Brock Road and the 5th Concession West are both two-lane
roads. There was no stop sign governing the flow of northbound
and southbound traffic on Brock Road. The posted speed limit on
Brock Road was 80 km/h.
 It is undisputed that the stop sign governing the flow of
westbound traffic at the intersection was between 8.4 and 9.41
metres behind a faded stop line, painted in 2004, which in
turn was between 1.936 and 2.936 metres behind the easterly
entrance to the intersection. (Put another way, the stop sign
was between 10.336 and 12.336 metres from the east edge of
 Counsel conceded that Mr. Ellis, the driver of the westbound vehicle, was negligent in entering the intersection when
it was unsafe to do so. Although at trial Mr. Ellis claimed he
stopped at a stop line, he could not recall where it was located
and he made statements at the time of the accident that he
stopped at the stop sign. The trial judge found that Mr. Ellis
stopped at the stop sign, but then accelerated into the intersection without seeing the northbound vehicle, thus causing the
collision. Mr. Ellis had no explanation for why he did not see
the northbound vehicle.
 Relying in part on expert testimony from Jason Young,
a forensic engineer, the trial judge also found the Corporation of
the City of Hamilton breached its duty to keep the roadway in
a reasonable state of repair by failing to repaint a faded stop line
that was no longer effective in guiding drivers concerning where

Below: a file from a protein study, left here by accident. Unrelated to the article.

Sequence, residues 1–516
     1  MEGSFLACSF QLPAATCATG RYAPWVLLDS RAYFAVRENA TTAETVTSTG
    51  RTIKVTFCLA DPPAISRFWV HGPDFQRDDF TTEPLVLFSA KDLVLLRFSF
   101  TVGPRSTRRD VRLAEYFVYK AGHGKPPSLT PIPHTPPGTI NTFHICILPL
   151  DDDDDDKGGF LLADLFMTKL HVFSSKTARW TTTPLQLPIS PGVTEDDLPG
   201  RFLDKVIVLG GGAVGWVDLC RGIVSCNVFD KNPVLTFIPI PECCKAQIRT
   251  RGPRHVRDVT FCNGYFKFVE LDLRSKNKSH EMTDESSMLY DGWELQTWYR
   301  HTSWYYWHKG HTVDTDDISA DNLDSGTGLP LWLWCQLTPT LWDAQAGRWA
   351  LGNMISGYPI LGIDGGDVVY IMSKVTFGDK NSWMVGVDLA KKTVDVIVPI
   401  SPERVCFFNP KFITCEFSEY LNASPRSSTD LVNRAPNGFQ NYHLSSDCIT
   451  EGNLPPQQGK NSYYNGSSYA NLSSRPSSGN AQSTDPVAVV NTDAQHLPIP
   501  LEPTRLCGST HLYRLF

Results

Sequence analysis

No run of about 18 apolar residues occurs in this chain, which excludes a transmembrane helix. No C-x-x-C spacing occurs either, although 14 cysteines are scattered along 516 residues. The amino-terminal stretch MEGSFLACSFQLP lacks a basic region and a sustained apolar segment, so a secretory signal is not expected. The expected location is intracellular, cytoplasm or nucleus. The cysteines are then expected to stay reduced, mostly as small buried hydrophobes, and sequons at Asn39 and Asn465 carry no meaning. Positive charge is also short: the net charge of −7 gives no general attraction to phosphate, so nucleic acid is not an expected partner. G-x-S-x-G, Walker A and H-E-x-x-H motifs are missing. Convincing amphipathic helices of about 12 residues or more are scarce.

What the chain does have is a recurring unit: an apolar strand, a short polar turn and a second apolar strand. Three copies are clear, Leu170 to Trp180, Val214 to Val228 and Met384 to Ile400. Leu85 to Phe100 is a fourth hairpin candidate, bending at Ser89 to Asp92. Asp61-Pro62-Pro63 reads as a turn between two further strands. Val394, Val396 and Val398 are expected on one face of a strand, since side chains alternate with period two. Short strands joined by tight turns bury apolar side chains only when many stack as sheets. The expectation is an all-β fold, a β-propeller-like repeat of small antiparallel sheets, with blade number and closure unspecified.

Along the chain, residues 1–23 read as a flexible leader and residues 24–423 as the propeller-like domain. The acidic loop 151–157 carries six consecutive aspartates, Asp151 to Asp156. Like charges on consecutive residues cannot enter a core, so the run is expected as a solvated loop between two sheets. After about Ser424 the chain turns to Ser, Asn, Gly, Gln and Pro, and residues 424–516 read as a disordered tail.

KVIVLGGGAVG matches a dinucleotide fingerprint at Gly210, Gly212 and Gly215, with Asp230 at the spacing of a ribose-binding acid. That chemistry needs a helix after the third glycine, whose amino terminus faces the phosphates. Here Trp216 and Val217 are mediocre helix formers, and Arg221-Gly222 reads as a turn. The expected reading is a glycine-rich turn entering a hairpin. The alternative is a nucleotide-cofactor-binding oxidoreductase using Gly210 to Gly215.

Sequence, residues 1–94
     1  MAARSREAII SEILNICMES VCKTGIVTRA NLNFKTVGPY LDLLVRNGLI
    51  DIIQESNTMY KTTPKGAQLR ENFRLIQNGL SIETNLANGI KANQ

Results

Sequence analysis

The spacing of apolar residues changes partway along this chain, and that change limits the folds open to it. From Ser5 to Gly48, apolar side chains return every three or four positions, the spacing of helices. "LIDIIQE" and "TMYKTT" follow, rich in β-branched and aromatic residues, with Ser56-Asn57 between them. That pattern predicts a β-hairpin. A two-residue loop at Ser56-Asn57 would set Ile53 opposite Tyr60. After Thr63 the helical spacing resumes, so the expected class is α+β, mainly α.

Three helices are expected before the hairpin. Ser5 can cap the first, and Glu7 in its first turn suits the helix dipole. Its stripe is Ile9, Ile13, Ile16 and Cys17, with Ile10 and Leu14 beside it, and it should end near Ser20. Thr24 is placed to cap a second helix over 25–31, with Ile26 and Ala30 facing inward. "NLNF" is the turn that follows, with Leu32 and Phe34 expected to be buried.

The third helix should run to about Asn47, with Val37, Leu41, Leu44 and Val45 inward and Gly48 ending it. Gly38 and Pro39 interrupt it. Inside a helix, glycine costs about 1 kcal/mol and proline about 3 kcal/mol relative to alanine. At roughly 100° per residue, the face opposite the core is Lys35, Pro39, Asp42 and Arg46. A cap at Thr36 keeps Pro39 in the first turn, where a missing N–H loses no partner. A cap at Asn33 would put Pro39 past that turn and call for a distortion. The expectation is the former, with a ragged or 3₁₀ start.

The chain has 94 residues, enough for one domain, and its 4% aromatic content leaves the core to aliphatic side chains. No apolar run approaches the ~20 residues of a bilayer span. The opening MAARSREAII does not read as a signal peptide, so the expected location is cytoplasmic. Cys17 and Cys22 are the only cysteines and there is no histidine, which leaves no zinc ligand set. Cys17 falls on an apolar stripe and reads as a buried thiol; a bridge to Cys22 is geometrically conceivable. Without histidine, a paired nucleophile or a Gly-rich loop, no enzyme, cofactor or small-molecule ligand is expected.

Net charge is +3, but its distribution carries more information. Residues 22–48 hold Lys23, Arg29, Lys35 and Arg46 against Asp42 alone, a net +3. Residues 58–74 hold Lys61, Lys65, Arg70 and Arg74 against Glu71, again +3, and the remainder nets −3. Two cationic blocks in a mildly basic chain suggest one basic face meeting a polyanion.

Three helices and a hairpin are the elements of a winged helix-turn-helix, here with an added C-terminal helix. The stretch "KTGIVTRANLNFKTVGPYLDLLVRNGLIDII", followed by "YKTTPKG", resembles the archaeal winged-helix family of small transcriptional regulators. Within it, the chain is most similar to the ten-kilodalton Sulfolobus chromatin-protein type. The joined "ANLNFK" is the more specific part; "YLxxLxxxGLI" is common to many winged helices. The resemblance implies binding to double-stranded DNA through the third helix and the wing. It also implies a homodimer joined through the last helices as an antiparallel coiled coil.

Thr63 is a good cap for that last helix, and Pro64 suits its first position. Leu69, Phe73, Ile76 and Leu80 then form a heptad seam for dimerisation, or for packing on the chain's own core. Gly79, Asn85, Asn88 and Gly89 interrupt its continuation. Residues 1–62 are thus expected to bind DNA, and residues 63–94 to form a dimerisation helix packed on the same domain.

to stop. He concluded the city was thus 50 per cent responsible
for the accident. On the trial judge’s findings, had Mr. Ellis
stopped at the faded stop line, which the trial judge accepted
was his usual practice, he would have been able to see 270 metres
south on Brock Road and the accident would never have
 The city raises several issues on appeal. In our view, its
argument that, in finding non-repair, the trial judge misapplied
the ordinary reasonable driver standard is dispositive and it is
unnecessary that we address the remaining grounds of appeal.
1 This range was the result of differing measurements by different experts.
Jason Young, the expert called by the plaintiffs to give opinion evidence
concerning human factors and road design factors that play a role in collisions, testified that he measured the distance between the faded stop and
a new stop line by photographic analysis as being between two to three
metres. Another expert measured the same distance as four metres, which
Mr. Young considered reasonable.